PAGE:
Haynes and Boone, LLP Senior Counsel Jeff Civins talked with Bloomberg Environment about how 3M Co.'s agreement to pay $55 million to clothier Wolverine World Wide Inc. to clean up polyfluoroalkyl substances (PFAS) in Michigan could serve as a model for other companies hoping to shift their liabilities for “forever chemicals.”
Here is an excerpt:
3M announced the agreement with Wolverine on Thursday to resolve a legal dispute between the two companies over who should pay to clean up pollution near a former Wolverine manufacturing site. 3M originally developed and produced per- and polyfluoroalkyl substances, or PFAS, in the 1940s. The chemicals have been found in drinking water in towns across the country.
Wolverine used PFAS-laden Scotchgard to waterproof the clothing and shoes it produces, according to the company’s complaint against 3M, which changed the Scotchgard formula around 2002 over concerns about PFAS. Wolverine manufactures shoes for brands including Saucony, Hush Puppies, Sperry, and Keds.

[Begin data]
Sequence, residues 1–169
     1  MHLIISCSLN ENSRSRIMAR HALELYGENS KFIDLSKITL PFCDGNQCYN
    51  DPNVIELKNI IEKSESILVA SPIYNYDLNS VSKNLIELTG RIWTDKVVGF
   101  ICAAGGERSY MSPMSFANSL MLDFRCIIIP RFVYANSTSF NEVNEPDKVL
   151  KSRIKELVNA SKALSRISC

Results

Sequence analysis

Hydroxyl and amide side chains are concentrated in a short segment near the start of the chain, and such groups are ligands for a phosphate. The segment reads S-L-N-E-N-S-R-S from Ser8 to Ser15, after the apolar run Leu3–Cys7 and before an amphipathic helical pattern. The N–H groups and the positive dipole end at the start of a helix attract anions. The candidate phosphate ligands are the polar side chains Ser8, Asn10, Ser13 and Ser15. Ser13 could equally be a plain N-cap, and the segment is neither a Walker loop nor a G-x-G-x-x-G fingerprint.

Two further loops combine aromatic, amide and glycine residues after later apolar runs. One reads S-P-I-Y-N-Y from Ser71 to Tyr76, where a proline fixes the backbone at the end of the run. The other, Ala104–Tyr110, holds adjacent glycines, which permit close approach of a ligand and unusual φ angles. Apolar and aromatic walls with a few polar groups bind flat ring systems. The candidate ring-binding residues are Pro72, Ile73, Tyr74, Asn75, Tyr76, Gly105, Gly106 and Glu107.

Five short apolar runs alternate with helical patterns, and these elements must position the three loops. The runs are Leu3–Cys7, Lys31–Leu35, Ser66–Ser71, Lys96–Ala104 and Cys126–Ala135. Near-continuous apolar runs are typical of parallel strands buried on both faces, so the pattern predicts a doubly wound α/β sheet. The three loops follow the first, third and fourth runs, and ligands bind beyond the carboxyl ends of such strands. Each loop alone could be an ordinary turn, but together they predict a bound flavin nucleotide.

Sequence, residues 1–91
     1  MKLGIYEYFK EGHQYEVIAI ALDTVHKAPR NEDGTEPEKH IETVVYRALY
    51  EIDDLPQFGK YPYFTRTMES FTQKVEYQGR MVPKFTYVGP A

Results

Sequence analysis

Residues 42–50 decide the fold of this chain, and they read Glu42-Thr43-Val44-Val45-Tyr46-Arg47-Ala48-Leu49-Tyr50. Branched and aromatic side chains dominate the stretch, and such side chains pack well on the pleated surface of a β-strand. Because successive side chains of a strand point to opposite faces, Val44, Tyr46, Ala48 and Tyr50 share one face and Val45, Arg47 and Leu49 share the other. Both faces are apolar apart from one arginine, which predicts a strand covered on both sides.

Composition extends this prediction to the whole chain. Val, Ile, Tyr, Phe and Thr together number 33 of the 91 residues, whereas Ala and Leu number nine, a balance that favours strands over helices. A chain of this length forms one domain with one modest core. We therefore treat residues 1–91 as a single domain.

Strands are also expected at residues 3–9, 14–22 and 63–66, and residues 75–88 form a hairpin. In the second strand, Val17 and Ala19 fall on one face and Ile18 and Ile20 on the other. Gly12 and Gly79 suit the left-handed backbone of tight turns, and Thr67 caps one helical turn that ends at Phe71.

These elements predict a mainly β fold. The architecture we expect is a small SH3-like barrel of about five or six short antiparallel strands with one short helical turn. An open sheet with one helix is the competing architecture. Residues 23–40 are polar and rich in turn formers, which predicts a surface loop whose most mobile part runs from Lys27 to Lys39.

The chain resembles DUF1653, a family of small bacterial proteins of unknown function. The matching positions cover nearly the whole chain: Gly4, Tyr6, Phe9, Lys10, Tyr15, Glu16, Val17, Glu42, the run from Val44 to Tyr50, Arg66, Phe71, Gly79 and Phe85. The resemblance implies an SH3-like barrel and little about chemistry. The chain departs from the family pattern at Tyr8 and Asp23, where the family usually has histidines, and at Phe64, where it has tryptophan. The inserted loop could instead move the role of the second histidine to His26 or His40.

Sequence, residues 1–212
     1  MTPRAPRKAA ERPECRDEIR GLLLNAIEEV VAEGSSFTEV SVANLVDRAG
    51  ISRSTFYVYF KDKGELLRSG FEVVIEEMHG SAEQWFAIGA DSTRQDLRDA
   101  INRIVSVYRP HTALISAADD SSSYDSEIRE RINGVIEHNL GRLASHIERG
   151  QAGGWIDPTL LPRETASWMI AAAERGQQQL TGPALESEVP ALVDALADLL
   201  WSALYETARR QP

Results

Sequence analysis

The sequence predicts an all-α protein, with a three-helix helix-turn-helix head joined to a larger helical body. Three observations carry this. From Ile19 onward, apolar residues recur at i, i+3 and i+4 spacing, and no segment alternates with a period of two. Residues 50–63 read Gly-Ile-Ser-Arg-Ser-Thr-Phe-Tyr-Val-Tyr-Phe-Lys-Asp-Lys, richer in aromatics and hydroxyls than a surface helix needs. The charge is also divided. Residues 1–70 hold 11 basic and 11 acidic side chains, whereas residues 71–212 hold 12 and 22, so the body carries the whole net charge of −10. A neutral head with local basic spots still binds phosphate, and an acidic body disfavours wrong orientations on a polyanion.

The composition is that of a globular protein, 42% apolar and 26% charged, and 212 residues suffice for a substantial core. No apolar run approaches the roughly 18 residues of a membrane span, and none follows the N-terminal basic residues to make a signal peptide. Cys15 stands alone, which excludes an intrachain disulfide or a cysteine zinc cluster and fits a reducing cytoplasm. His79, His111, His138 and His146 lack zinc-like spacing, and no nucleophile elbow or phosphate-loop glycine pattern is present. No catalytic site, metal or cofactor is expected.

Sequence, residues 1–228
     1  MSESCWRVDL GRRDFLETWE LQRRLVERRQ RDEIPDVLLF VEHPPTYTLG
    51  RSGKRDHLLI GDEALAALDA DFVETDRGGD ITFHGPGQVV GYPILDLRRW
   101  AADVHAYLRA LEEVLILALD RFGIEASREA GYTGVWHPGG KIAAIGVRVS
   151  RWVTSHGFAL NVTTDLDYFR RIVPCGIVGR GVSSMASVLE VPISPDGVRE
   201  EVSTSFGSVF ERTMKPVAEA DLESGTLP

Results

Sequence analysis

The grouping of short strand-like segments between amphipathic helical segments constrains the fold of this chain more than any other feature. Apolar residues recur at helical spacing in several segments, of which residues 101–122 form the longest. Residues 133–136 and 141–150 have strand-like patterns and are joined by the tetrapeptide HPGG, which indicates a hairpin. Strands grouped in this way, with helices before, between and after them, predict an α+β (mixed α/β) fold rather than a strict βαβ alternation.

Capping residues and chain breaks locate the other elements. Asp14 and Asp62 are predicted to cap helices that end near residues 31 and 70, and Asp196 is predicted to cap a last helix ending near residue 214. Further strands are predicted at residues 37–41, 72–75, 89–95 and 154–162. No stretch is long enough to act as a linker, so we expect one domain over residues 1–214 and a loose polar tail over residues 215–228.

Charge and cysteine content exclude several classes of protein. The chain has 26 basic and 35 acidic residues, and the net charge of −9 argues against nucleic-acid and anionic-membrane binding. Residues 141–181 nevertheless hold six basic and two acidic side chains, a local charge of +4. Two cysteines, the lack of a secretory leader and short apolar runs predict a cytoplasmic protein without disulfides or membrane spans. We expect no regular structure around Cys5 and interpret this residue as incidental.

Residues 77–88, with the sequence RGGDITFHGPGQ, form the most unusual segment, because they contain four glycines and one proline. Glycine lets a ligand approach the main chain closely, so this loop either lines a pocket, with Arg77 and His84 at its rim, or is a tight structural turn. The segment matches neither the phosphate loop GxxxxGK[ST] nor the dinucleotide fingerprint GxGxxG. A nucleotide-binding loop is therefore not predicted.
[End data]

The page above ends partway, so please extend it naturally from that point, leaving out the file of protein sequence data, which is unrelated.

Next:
The 3M settlement could also open the door for companies that have PFAS waste, said Jeff Civins, senior counsel at Haynes and Boone, LLP in Austin, Texas. It’s one of the few cases where a purchaser, in this case Wolverine, has sued and settled with a manufacturer, 3M, because of contamination associated with the purchaser’s disposal of the manufacturer’s product. Wolverine alleges 3M failed to disclose crucial facts about the product.
To read the full article, click here.